The simple answer is “Absolutely!” But you probably want to know why. Without going into all the extensive background information it would require to tell the whole story, this is the gist. Pesticides. We all know the old adage, “an apple a day keeps the doctor away,” right? Wrong. Apples are covered in organophosphate pesticides, which are used extensively on almost all conventional fruits and vegetables. So, if you aren’t scrubbing your nonorganic produce to death before eating it, then you’re having pesticides for breakfast, lunch, and dinner.

You never see bugs in grocery stores, hotels, or restaurants because they are sprayed everyday with pesticides. It may seem like a good thing at first because pesticides appear to keep our environment cleaner, but in fact, they are doing extensive damage to our bodies. In the book called Clean, Green, and Lean by Dr. Walter Crinnion (2010) – which I’ll be referring to often in my upcoming blogs – he writes that “studies have shown that children who live in homes where organophosphate pesticides – the most commonly used class of pesticides – are used have a higher rate of brain tumors.”

Not only do we have to be concerned about the pesticides on our produce, but there are also chlorinated pesticides on meat and dairy products. These nasty chemicals are responsible for slowing down our thermogenesis – the rate at which our fats are burned to make energy. Ever wonder why you can’t seem to lose weight, despite eating healthy? This is one explanation that most people don’t consider or know about.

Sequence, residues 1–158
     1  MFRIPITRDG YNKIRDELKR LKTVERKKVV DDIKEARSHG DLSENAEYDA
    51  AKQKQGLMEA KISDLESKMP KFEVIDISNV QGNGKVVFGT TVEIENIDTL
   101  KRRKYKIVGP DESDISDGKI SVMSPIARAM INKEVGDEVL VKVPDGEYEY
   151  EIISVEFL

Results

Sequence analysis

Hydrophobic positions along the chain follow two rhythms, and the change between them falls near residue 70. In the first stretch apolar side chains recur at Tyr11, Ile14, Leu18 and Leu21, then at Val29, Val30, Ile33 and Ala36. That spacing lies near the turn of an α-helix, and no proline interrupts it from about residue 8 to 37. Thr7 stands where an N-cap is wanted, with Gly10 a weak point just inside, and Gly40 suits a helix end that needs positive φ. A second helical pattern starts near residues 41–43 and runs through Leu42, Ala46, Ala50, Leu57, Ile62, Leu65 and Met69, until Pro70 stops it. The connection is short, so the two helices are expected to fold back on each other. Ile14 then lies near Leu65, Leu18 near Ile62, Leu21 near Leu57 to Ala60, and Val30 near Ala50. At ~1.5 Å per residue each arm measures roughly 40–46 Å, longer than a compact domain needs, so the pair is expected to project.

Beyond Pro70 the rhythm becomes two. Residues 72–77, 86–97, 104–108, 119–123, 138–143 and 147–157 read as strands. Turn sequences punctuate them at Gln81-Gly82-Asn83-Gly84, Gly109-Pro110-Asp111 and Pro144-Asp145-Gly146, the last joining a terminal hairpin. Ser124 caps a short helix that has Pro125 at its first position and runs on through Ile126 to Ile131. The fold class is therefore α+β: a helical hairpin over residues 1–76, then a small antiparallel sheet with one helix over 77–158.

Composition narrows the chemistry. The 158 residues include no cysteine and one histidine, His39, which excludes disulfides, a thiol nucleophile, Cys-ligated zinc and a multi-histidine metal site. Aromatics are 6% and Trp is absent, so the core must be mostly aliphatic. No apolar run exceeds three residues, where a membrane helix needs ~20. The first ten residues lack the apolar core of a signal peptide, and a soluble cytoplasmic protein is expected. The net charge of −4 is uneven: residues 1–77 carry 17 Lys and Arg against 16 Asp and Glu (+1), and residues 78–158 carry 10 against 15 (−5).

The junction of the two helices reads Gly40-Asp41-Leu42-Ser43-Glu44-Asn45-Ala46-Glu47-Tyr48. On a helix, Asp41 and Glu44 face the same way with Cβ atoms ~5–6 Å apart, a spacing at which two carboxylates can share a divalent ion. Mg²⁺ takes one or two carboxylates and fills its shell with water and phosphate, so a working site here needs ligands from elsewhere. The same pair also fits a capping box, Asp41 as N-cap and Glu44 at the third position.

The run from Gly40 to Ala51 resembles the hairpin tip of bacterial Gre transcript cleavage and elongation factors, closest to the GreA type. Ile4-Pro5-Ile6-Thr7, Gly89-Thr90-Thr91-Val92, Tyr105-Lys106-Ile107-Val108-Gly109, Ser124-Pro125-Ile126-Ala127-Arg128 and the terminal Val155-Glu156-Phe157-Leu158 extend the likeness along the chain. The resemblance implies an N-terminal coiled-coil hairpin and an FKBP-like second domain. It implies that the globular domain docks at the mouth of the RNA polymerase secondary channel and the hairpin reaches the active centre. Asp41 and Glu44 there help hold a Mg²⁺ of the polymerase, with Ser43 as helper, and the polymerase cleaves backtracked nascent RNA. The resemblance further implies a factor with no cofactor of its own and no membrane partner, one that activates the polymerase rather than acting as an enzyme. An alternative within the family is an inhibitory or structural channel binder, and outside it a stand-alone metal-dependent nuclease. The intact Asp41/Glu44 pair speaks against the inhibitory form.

Finally, another reason why nonorganic produce, like apples, aren’t as good for us as we might think is because they are grown in soil that has been degraded by pesticides and toxic fertilizers (Crinnion, 2010). These pesticides strip the soil of its nutrients and leave our produce void of all the vitamins and minerals we are told are important to our health. Organic produce typically have more minerals and phytochemicals because they have to work harder to fight off pesty bugs and disease (Crinnion, 2010).

I recognize that organic food is much more expensive than conventional options, yet think about all the money you will have to spend if you develop an acute or chronic illness. Many of our patients have spent thousands upon thousand of dollars seeing numerous physicians to try to find a cure for their diagnosis and symptoms. What if they had  made the investment up front in organic foods? Perhaps some of their time and money would have been saved.

Next blog: The Dirty vs Clean Dozen: What foods should you buy?